White Sox say goodbye to 2010; Paulie, A.J. too?

275454.jpg

White Sox say goodbye to 2010; Paulie, A.J. too?

Sunday, Oct. 3, 2010
Updated 5:57 PM

By Brett Ballantini
CSNChicago.com
Even for the last-place team, the final game of the season is always an emotional affair.

The Chicago White Sox had sewn up second place in the AL Central days earlier, but the open spaces of their projected 2011 roster is what will trouble fans for weeks ahead.

In Sundays finale, White Sox fans bade a possible farewell to two longtime Pale Hose heroes.

In the top of the fourth, six-season catcher A.J Pierzynski, the feisty soul of the team, trotted off the field to a loud ovation, having played possibly his final game for the White Sox. Three innings later, an even louder response was generated for Paul Konerko, a 12-season White Sox and five-year team captain.

The surge of emotionspurred by a labored 5 23 innings from Edwin Jacksonpaced the White Sox to a 6-5 win over the Cleveland Indians. The White Sox finished 2010 as the hottest team in baseball, winning nine of their final 11 games and ending the year at 88-74. With the victory, manager Ozzie Guillen picked up his 600th career win.

After the game, both players spoke at length about the emotion of the day, as well as their futures. Before the two heroes left the field, Pierzynski implored the crowd, next year, bring back Paulie! and Konerko teased twice that there might be more.

The big blasts in the game came off the bat of Alexei Ramirez, who iced his Silver Slugger award with a first-inning home run and second-inning double, driving in the teams first three runs. Later, Juan Pierre stole his 69th base of the season and drove in the other three runs for the White Sox as part of a 3-for-5 day.

It was a nice way to win, Guillen said. A lot of good things happened today. Speaking as a friend or a baseball fan, it was a privilege to manage all those guys out therethey played hard.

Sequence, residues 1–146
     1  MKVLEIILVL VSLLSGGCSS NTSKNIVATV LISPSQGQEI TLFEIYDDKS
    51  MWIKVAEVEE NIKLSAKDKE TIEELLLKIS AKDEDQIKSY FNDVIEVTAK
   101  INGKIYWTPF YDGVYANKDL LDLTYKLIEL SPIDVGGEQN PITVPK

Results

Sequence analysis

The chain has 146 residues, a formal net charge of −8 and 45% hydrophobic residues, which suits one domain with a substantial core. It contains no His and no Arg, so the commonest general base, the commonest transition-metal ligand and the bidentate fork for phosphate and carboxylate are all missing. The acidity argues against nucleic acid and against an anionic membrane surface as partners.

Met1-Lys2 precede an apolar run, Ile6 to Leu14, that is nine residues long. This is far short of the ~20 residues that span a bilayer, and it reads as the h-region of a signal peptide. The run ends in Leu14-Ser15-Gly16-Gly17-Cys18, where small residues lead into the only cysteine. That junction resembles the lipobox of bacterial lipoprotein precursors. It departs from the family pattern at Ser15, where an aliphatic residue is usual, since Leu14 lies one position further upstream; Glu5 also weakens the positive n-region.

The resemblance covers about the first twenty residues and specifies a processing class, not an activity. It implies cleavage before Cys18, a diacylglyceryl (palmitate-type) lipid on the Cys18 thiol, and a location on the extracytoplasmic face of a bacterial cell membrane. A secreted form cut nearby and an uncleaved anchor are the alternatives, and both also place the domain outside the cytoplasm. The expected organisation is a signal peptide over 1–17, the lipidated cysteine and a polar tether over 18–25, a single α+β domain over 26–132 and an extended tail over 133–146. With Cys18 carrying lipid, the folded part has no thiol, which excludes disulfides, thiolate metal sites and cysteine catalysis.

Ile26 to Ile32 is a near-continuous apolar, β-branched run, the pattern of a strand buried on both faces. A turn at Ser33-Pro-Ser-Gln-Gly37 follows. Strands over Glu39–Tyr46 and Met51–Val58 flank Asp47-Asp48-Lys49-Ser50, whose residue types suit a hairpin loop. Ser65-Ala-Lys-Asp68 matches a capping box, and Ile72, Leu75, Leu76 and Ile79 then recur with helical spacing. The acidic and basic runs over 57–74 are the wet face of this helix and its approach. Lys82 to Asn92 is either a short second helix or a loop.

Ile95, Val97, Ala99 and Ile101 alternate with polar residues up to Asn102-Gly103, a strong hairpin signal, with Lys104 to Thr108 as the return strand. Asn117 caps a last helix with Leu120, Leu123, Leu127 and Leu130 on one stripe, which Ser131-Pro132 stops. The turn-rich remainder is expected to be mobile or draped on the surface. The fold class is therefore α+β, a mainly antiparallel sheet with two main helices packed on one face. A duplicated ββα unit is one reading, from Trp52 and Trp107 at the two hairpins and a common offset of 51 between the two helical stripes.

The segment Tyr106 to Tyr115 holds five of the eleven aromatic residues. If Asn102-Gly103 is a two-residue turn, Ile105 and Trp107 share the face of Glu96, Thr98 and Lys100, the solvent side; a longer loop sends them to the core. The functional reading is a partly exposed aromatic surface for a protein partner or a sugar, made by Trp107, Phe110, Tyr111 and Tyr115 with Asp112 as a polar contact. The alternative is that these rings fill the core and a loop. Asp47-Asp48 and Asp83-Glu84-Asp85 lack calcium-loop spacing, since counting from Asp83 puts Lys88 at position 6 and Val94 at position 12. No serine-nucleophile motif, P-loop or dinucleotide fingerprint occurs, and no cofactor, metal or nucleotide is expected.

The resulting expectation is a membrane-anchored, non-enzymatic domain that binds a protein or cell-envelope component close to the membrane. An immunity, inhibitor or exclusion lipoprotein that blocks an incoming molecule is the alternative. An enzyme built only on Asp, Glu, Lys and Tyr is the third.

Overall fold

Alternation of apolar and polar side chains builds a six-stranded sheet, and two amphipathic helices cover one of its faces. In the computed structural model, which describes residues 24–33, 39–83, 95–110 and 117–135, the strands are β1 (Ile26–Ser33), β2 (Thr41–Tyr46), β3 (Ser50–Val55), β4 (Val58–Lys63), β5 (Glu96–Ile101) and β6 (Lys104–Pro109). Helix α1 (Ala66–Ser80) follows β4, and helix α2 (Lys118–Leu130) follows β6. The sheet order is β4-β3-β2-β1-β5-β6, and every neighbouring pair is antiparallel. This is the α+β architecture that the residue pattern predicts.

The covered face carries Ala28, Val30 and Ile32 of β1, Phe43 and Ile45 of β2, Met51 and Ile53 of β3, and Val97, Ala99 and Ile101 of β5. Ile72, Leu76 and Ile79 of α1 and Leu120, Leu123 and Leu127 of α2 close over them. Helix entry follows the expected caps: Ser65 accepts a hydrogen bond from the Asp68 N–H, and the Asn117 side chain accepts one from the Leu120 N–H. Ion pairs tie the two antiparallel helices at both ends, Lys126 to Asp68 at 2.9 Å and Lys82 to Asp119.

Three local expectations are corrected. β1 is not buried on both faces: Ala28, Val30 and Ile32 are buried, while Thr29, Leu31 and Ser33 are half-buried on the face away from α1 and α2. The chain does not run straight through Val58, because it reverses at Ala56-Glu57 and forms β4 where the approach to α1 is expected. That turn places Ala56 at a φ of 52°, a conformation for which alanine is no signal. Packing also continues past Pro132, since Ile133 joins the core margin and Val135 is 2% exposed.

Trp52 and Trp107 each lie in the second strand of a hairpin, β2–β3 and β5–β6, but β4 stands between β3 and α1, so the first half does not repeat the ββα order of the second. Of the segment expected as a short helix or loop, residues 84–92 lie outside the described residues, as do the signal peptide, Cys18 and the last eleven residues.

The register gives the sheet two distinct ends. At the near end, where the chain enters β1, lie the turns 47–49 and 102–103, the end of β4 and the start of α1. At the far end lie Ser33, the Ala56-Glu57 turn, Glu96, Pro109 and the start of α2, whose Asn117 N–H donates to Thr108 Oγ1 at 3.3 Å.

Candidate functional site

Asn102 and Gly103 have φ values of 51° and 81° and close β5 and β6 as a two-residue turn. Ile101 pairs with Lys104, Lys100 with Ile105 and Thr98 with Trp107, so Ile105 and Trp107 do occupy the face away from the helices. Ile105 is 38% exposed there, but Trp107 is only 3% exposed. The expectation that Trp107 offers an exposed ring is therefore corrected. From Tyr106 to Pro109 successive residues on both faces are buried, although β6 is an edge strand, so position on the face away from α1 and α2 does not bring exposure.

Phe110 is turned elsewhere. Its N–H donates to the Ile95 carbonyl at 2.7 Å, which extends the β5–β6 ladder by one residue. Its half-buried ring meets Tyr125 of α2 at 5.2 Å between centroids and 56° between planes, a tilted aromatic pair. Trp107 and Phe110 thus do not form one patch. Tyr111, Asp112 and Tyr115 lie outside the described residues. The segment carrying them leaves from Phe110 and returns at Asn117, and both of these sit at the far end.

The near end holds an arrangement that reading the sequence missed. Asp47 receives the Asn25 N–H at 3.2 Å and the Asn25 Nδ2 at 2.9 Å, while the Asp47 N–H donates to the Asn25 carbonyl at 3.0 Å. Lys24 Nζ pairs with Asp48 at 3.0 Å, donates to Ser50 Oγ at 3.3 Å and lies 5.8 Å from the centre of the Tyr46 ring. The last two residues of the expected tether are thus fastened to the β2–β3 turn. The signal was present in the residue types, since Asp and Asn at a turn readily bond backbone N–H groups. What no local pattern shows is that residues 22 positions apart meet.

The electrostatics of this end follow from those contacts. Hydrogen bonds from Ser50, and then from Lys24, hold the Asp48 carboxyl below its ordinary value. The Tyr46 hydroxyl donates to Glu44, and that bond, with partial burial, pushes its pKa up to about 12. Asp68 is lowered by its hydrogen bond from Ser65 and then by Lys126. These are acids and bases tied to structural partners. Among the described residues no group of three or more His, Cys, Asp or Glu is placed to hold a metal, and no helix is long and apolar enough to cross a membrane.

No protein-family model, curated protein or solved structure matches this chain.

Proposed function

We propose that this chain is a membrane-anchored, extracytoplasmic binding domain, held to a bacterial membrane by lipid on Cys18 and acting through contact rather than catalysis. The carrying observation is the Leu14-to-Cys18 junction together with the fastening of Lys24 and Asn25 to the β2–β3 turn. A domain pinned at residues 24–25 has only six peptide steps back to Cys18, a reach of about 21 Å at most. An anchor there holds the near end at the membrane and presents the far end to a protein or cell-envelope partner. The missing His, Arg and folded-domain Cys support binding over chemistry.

Pierzynski went 0-for-2 in the finale and finished the season batting .270. Konerko was 2-for-3, upping his average to .312. The first baseman fell short in an attempt to clinch his third season with 40 or more home runs, however, finishing with run production numbers of 39 longballs and 111 RBI. Not that he cared much.

I hit 40 homers twice, and the world didnt change, Konerko said. Chasing an individual goal is not what Im about. If you chase the numbers, youre in trouble. This year, my numbers were just a byproduct of my plan day-to-day.

Konerko continued his insightful look at how the 2010 season has differed for him.

You dont have great years, you put together great years. Its a long-haul type of thing, he said. I gave away less at-bats fewer than 100 than I ever have this seasonthats a choice. Im a better leader because of how I went about it.

Natch, the self-deprecating Konerko would end his lesson on a comic note, laughing: I guess it took me 11 years to figure that out.

Both Guillen and Konerko described a rather comic scenario in the White Sox dugout, where as the game went on Konerko wanted to pull himself in order to get Mark Kotsay one more at-bat on the season, and Kotsay refusing to substitute for the legend. Bench coach Joey Cora had to intervene and make a final ruling.

Kotsay and I were both kind of arguing about it, Konerko said. Hes a great guy. Ill do anything for that guy.

When Kotsay trotted out to replace Konerko with one out in the seventh inning, the two had a lengthy embrace near the pitchers mound.

Pierzynski, who is the more affordable and potentially more essential team depth-wise option to return of the pair, was both grateful and urgent in his postgame comments.

The White Sox are a special team, and Chicago is a special place, he said. Ill always be thankful. White Sox fans are the best fans, and Chicago is the best place to play. Ive always said I wanted to be back. I want to be a White Sox until I retire.

Jackson pitched into the fourth without allowing a hit, and exited in the sixth having surrendered five hits and three runs while striking out six.

Lucky me, lucky me, a smiling Jackson said of piloting this monumental finale. Today was just a fun game overall. Everybody was loose. It was the last game. You can easily go out and give up, but guys continued to battle and play hard, so thats always a plus.

The Indians rallied for two runs off of Chris Sale after the rookie sensation struck out four of the first five batters he faced. But the southpaw induced a groundout from Michael Brantley to end the game, and the 2010 season.

Magic Number: 1,768

Paul Konerko logged his 1,768th game with the White Sox, the fourth-most in franchise history. He left in the top of the seventh to a standing ovation and a curtain call from the crowd of 24,539.

Final Word

The only stat that matters is winning. Guillen on the importance of his 600th career win, accomplished with Sundays finale.

Next on the Mound

The White Sox will continue this six-game series in Cleveland, next April 1. Early guesses at the Opening Day starter? The safe bet here is Mark Buehrle, for a team-record ninth time.

Brett Ballantini is CSNChicago.coms White Sox Insider. Follow him @CSNChi_Beatnik on Twitter for up-to-the-minute Sox information.